Georgia and Michigan reached their college football playoff semifinals in the Orange Bowl in different directions. The question is whether this positive or negative momentum plays a big role as the teams battle to reach the championship game in Indianapolis on January 10.
The Bulldogs have been strutting around for most of the regular season, intimidating every opponent along the way from Clemson to Georgia Tech behind a defense quickly placed alongside the best in recent Football Bowl Subdivision history. Then came the SEC Championship game, and Alabama just as quickly put an end to the Bulldogs’ sense of invincibility with a convincing victory.
The Wolverines feel quite different after breaking off an eight-game losing streak against Ohio State en route to their first Big Ten title since 2004. They’ve won five in a row, relieving coach Jim Harbaugh and giving him confidence. team that they can finally live up to the high expectations of the program.
This will only be the third meeting between the SEC and Big Ten schools, the most recent having taken place in 1965. A common thread connecting the two historically successful programs is a prolonged drought: Michigan failed to win Championship since sharing the crown with Nebraska in 1997, while Georgia has not dominated college football since 1980.
One good thing Georgia has going for it is that Michigan’s offense is not in the same class as Alabama’s. So the nation’s top-ranked defense can charge up while running and force Michigan quarterback Cade McNamara to beat them in the air. If the hasty attack by the Wolverines, who have ranked 10th in the nation this season, cannot start, it could be a long night for Harbaugh and his crew. Georgia 31, Michigan 10.
Last time we saw the Georgia Bulldogs, their historic defense was torn apart by Heisman Trophy winner Bryce Young in Atlanta. The screening naturally left a bad taste in people’s mouths, but it also obscured the fact that Georgia were the best college football team for the first 13 weeks of the season. Michigan’s breakthrough campaign under Harbaugh has been an incredible story – but the Wolverines’ premier racing style plays straight into Georgia’s hands. Without a groundbreaking quarterback, I don’t think Michigan will be able to muster enough points against Georgia to win (even if the Bulldogs’ own offense battles the tough Wolverines). Georgia 24, Michigan 13.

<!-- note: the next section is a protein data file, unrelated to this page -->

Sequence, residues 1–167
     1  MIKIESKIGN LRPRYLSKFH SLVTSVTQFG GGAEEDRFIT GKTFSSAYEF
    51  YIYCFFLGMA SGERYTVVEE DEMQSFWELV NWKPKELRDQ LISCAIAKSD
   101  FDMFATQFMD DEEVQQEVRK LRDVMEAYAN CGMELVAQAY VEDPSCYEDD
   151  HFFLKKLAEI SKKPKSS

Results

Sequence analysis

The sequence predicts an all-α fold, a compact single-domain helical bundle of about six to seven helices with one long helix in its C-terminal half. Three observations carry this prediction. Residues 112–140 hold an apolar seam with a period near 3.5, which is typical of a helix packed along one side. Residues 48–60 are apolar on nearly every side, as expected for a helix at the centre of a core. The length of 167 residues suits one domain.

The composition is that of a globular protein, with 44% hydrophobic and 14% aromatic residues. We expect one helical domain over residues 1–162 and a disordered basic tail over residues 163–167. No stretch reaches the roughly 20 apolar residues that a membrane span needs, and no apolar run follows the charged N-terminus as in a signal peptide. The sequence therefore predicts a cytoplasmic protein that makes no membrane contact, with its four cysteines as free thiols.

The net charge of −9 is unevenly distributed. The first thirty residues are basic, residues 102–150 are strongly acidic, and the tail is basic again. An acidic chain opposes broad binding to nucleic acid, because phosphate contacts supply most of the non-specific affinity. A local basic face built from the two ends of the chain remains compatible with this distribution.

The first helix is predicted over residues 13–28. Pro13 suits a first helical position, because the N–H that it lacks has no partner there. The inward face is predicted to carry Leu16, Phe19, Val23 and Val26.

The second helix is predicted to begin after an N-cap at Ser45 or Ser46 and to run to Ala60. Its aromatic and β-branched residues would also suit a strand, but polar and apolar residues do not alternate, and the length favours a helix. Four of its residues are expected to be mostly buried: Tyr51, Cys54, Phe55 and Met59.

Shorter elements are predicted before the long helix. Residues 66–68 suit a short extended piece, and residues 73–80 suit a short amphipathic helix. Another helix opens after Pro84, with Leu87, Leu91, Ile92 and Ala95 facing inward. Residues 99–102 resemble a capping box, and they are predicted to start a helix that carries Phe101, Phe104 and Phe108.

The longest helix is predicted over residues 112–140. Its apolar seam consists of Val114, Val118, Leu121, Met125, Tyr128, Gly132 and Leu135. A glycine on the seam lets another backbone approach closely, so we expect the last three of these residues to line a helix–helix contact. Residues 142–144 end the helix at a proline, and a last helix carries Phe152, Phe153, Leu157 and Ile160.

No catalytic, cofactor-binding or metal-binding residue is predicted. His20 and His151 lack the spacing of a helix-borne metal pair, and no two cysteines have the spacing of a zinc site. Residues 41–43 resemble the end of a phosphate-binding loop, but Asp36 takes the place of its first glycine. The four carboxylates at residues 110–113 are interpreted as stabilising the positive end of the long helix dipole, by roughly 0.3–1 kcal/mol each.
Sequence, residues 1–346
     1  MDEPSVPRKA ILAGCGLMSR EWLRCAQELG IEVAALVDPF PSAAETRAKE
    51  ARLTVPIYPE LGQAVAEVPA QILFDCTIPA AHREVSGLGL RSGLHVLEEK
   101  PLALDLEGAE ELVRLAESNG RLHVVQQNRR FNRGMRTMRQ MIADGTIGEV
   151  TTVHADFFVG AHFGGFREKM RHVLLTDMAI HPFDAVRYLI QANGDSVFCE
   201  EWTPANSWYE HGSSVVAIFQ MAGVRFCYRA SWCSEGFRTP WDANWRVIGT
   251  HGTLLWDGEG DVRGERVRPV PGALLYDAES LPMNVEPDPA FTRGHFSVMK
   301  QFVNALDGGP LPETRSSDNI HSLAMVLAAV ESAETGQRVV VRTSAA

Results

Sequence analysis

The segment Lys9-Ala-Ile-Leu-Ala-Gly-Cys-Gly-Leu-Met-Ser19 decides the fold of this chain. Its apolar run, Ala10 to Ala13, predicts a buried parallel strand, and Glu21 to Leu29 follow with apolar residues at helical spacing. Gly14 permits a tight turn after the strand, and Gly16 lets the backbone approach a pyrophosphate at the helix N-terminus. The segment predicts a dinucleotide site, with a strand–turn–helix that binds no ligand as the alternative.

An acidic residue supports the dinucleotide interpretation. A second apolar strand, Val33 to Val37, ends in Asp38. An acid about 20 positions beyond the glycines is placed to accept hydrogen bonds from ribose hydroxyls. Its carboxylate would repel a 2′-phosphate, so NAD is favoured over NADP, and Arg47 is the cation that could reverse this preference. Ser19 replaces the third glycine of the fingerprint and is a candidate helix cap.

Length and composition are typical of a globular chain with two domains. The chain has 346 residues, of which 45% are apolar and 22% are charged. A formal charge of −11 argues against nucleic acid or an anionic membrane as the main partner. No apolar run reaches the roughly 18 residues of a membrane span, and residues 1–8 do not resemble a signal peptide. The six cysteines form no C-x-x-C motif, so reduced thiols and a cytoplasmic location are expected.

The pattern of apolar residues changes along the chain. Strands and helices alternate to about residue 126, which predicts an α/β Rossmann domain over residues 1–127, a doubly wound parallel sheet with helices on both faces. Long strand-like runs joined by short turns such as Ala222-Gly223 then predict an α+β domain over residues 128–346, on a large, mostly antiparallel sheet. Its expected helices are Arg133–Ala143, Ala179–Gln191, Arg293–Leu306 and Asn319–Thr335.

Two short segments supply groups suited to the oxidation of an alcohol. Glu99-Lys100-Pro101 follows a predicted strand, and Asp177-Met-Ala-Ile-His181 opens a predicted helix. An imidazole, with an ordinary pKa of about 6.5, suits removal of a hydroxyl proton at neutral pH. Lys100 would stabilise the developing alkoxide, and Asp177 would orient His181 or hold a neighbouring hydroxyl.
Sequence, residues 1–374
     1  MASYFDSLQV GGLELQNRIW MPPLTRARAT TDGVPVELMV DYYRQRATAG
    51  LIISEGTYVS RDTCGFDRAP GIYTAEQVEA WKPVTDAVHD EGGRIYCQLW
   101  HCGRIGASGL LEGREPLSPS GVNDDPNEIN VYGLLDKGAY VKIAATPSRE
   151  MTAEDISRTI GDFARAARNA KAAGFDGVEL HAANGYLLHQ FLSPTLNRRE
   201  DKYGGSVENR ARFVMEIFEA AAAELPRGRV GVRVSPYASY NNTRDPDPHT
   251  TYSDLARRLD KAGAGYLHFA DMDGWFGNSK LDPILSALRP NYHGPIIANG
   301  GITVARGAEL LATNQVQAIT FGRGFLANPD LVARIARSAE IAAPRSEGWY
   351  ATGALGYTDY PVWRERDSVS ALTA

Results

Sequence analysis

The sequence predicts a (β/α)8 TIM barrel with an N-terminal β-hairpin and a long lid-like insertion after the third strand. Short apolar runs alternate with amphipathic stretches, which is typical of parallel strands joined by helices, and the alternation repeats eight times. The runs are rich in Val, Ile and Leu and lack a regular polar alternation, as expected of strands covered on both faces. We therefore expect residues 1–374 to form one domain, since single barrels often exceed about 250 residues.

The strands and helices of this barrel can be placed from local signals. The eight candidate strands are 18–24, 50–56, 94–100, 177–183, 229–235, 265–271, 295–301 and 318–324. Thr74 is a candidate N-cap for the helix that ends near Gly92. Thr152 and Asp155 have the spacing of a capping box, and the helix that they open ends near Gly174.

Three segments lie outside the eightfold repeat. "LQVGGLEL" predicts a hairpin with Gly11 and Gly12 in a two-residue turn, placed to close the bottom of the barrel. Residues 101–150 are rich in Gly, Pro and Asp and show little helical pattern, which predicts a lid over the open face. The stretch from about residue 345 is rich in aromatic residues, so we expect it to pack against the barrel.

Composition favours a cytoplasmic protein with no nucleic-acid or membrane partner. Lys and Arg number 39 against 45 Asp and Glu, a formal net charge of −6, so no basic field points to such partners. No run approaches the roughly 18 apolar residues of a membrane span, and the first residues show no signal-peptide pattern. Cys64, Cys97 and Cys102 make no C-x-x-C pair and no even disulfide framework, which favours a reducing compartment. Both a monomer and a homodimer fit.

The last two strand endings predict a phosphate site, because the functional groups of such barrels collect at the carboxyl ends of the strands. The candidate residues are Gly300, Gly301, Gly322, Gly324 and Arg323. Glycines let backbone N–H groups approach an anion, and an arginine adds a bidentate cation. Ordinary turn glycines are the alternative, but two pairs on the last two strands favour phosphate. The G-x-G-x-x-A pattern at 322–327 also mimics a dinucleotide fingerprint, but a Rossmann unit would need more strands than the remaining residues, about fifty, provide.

The force-against-force confrontation seems to favor Georgia. But don’t overlook the fact that Michigan is the most prominent team in the playoffs, having cleaned up against Ohio State and Iowa. A low scoring game could switch to a single game. Georgia 20, Michigan 17.
Georgia can go in two directions after losing to Alabama. Either the Bulldogs learn from the disappointment or those flaws are exposed against Michigan. While the Wolverines are more dominant than the Crimson Tide, they can still hurt the Georgia secondary who was split by Bryce Young. Michigan’s defense is strong enough to slow the Bulldogs down in what should be an old-fashioned semifinal that feels like a brawl that comes down to the fourth quarter. Georgia 21, Michigan 16.
There are a lot of similarities between these teams. The biggest difference is that Michigan can throw it if they have to. I am not convinced that Georgia can. Wolverines can also find a few yards on the ground outside. It won’t be a track and field competition, but Michigan will have more big games. Michigan 27, Georgia 17.
This game is down to strength, and it will be interesting to see what Michigan offensive coordinator Josh Gattis comes up with to deal with the obvious problem of trying to run football on the Georgia defense. The likely scenario is that Michigan hits a brick wall and cannot generate enough points to cross the finish line. Georgia 17, Michigan 13.
Who has the advantage?
When Georgia runs
The Bulldogs’ racing game was absent against Alabama, but was very consistent throughout the regular season. Up to four runners – five if you count quarterback Stetson Bennett – could play a role against the Wolverines. Michigan bottomed out against Kenneth Walker III and Michigan State, but has played well since. EDGE: Georgia.
When Georgia passes
Michigan want to put Georgia in clear passing situations and send Hutchinson and the rest of the pass howling into the backfield. It will be a long day for the Bulldogs if Bennett is forced to beat the Wolverines with his arm. But the offensive line has been strong and there are options at the receiver level, so the potential is there for the Bulldogs to hit the field big if given the chance. EDGE: Michigan.
When Michigan is running
Michigan had a great season from Haskins and Coburn, but didn’t face anything like Georgia’s top seven. The Bulldogs are allowing 2.6 yards per carry and have allowed just three rushing touchdowns all season. While it won’t be easy, look for the Wolverines to still attack the Bulldogs with a dedicated racing game. EDGE: Georgia.
When Michigan passes
Take away Alabama’s loss and Georgia are allowing 150.8 passing yards per game with 12 interceptions on just five touchdowns. But how can you ignore what the tide has done to this secondary school? McNamara and the Wolverines will have chances in the air, but the line must continue to protect the pocket. Michigan allowed just 10 sacks in the regular season. EDGE: Georgia
Michigan has only missed two field goals all season. The Wolverines also have the best covering units in the country. Combine them and you’ve got the best special teams teams in the playoffs and a potential advantage if the game is close. EDGE: Michigan.
Kirby Smart has been on this stage before and knows how to prepare a team for the semi-finals. But Jim Harbaugh has done a remarkable job saving his tenure from the brink and the Wolverines are in full swing ahead of New Years Eve. EDGE: Michigan.